Future Feeling by Joss Lake is one of the more meaningful reading experiences I've had in a long time. Joss Lake is a trans author, and his book is populated by trans men. I've read books by trans authors before, albeit not many, and I've read books with trans characters, but this is the first book I've read narrated by a trans man. It's a powerful story powerfully written by a hugely talented author. Lake's ability to voice his narrator's marginalization while still recognizing his relative privilege as a white person is a master class in empathy. Pen struggles and makes mistakes and feels hurt and does the work to heal, learn, and alter his behavior to more fully listen to others. The book is funny and honest and so special - and Pen is one of my new favorite characters. I'm so thankful for this book.
Gritty, visceral, heartbreaking, yet glimmering with hope, Rainbow Milk tells the story of Jesse, a queer, Black man who is expelled from his faith and family when it becomes clear that he is gay. At nineteen, he becomes a sex worker, searching for acceptance, understanding, and care from his clients while simultaneously celebrating a liberation he never believed could exist for him. The racism and homophobia that exist within the church, and the hate that permeates his own home are more dangerous and have a greater impact on his own impression of himself than anything he experiences after he leaves, demonstrating the irreversible damage done when the spaces that should be safe and loving are corrupted by oppression and hatred. This is Paul Mendez's debut novel, and his talent spills onto the page. His writing is exciting, honest, and healing.
Morningside Heights by Joshua Henkin is, above all, a love story - or, more accurately, many love stories. What is marriage, parenthood, friendship, if not a daily choice to love the people in your life each day? Henkin tells the story of Pru Steiner, an intelligent woman with aspirations to become a writer, and her professor Spence Robin. The two fall in love, get married, have a daughter, and in the midst of all that change, Pru's aspirations shift. When Spence is diagnosed with Early Onset Alzheimer's, Pru's choice to love and care for her husband each day gets more difficult. Morningside Heights is beautifully written, weaving together perspectives from Pru, their daughter Sarah, and Spence's son from his first marriage, Arlo. There are moments of utter heartbreak followed quickly by moments of hilarity and awkwardness. Human stories are complex - just like love.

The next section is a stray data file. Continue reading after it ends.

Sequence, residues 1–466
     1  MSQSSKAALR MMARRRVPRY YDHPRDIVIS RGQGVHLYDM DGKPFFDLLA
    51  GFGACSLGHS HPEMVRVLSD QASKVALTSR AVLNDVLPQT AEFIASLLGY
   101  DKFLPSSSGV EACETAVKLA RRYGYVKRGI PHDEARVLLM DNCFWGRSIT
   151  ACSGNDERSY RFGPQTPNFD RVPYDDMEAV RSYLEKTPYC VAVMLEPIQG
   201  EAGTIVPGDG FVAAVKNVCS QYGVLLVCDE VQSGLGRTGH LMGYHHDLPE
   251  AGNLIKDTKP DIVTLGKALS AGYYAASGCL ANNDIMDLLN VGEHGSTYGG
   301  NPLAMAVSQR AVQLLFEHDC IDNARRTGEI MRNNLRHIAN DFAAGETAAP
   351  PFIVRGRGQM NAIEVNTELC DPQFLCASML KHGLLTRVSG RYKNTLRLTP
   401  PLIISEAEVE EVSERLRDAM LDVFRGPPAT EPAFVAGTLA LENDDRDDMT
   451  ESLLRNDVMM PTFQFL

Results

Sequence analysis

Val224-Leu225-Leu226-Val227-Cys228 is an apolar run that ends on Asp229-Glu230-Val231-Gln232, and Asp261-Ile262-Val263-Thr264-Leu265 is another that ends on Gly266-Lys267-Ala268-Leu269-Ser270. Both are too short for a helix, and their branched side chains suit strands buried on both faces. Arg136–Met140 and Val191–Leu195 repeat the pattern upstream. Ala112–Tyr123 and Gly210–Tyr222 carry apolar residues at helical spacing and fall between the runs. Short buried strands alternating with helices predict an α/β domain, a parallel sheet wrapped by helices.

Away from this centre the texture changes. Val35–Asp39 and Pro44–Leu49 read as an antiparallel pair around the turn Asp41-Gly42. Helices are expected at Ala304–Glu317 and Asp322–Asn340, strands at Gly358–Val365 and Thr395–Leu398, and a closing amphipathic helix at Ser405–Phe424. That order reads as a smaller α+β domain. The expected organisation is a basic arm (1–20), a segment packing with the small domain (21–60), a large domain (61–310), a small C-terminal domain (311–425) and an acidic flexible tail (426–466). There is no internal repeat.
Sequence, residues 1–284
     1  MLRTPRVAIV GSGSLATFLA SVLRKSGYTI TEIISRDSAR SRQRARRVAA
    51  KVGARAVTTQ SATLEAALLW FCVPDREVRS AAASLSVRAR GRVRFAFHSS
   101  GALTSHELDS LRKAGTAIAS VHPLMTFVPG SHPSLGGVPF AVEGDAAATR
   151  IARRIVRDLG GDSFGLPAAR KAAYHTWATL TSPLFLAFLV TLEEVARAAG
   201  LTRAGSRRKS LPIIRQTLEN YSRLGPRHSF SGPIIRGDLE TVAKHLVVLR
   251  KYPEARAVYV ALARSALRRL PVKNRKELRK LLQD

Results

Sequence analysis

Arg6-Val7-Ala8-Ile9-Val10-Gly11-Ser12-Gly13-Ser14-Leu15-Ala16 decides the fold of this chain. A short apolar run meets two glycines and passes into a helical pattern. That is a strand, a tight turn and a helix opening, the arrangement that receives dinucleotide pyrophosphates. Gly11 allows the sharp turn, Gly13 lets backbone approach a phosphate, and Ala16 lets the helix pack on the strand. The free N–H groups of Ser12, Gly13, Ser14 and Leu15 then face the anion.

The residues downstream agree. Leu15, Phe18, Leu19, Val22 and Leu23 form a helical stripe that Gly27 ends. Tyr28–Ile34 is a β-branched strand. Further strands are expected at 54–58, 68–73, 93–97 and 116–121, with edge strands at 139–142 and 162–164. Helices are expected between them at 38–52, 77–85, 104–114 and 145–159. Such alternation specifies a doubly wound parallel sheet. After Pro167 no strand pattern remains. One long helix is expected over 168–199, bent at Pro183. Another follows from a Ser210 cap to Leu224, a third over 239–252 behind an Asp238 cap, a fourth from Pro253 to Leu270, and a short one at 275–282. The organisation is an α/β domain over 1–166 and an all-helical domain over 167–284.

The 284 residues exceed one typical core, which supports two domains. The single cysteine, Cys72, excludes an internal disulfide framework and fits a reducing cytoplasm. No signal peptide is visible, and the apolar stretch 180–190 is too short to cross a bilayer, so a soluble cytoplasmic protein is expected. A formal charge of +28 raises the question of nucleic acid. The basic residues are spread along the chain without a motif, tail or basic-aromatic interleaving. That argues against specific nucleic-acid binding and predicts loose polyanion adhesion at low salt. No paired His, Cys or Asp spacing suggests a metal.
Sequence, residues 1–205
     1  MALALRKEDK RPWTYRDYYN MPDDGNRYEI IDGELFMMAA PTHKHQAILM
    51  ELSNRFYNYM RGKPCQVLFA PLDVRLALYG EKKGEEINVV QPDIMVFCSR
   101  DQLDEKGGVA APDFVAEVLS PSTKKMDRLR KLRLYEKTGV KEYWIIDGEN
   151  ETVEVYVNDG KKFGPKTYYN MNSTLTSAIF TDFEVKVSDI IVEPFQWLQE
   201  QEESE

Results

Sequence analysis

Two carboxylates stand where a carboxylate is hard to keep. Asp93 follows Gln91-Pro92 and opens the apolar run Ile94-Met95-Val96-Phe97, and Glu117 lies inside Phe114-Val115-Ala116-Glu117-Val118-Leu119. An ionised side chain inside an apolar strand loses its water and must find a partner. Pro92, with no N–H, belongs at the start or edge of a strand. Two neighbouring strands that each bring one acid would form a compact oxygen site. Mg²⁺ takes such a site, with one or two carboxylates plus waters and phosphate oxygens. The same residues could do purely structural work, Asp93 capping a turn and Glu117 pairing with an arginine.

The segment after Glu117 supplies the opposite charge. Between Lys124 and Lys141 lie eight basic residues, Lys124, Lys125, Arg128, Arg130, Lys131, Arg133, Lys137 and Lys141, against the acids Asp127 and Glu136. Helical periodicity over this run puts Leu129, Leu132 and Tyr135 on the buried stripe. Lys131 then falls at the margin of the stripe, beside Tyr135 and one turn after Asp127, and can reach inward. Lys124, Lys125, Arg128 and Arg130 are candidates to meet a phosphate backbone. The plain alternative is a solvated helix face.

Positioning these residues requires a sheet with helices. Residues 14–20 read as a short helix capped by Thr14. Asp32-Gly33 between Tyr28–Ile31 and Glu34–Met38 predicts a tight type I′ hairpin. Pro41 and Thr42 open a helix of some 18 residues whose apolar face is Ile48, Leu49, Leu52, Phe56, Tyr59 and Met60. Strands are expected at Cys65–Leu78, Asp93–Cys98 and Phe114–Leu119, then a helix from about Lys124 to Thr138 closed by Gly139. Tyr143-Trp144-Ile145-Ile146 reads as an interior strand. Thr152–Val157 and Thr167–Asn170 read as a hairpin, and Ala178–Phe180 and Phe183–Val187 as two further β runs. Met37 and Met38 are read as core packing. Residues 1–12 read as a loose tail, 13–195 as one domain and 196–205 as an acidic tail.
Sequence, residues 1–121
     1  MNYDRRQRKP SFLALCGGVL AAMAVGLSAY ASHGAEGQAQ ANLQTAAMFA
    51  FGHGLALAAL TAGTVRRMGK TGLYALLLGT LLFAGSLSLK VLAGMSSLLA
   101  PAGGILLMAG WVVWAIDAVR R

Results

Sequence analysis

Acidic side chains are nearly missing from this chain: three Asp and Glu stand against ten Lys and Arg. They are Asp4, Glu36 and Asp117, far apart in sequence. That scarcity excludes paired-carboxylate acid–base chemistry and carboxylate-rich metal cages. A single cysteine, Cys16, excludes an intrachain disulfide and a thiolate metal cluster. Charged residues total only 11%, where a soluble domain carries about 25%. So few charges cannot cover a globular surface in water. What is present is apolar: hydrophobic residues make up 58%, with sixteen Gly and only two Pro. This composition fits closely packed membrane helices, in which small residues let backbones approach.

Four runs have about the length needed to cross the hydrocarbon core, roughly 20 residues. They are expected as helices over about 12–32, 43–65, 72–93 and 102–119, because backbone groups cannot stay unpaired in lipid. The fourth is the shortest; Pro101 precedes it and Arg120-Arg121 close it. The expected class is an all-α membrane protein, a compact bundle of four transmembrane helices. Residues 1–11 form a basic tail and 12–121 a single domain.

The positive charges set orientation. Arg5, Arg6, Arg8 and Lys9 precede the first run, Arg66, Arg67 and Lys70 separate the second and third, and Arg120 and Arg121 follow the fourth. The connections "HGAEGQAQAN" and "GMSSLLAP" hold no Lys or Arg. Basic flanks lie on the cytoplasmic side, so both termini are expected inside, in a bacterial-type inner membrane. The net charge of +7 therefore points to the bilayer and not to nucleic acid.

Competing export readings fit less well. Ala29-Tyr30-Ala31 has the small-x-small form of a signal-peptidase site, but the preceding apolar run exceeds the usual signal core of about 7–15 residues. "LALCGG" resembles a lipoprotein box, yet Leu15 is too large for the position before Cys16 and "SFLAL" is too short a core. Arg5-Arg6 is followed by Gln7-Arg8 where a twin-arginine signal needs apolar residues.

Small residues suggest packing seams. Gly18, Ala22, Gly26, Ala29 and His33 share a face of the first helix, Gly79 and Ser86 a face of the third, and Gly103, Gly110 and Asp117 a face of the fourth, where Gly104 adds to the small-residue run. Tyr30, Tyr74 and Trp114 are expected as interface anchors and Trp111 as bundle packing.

It's hard to put into words the importance of Krys Malcolm Belc's debut memoir, The Natural Mother of the Child. It's such an honest portrait of the trappings of gender and the expectations we place on ourselves, unrealistic and otherwise, as parenting people. Belc's experience of becoming a gestational parent beautifully portrays the strangeness and wonder of the pregnant body, and the alienation that can accompany those same bodily changes - especially where traditional gender roles are concerned. I felt especially thankful for his generosity in sharing the realities of his parenting journey before, during, and more so after pregnancy. We're lacking in truthful depictions of the personal, emotional, physical challenges that often go along with raising children, and his ability to share his journey in such a gentle way is a real gift.
Nickolas Butler's work gets better and better with each book he writes, and Godspeed is no exception. With Little Faith, Butler hit a personal high in his career, and with Godspeed, he's managed to create something surprising, totally different, and still full of heart. I've been referring to this book as a construction thriller - and I've never so eagerly anticipated cabinet installation and completed painting projects. While the pace and plotting of the book are propulsive to the point that I stayed up reading into the early hours to finish this book, its heart and soul are much more tender than you might originally assume. This is an insightful exploration into masculinity and male friendship. In a year where our social circles have shrunk and our enduring friendships have revealed themselves, this is a beautiful portrait of the lengths we'll go to sustain connection.